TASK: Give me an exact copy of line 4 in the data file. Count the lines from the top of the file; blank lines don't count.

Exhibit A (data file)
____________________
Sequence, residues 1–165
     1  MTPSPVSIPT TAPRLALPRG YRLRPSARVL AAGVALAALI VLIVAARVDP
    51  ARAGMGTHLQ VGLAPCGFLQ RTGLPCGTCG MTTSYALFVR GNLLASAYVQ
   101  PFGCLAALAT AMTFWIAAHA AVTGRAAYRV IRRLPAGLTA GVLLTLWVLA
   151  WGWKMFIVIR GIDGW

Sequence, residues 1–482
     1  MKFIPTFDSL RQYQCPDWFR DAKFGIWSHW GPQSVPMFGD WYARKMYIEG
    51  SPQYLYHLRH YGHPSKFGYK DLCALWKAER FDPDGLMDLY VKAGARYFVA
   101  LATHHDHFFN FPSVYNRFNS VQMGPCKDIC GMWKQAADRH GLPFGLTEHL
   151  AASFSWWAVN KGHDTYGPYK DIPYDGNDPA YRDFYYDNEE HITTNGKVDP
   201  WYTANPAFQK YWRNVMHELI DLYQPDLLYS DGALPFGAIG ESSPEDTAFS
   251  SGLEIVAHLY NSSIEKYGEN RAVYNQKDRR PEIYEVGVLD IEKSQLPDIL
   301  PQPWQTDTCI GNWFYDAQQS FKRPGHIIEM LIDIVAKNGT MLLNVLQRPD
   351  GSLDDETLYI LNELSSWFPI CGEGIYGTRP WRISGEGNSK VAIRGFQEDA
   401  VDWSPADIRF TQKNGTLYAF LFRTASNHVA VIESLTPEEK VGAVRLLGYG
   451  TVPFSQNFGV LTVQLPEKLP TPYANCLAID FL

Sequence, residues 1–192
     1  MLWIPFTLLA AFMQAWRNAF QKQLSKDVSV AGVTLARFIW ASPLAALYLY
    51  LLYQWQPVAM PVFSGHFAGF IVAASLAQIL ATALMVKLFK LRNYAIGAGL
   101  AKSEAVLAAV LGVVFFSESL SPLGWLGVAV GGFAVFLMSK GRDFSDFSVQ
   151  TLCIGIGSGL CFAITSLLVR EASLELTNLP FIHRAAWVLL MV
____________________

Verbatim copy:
   101  PFGCLAALAT AMTFWIAAHA AVTGRAAYRV IRRLPAGLTA GVLLTLWVLA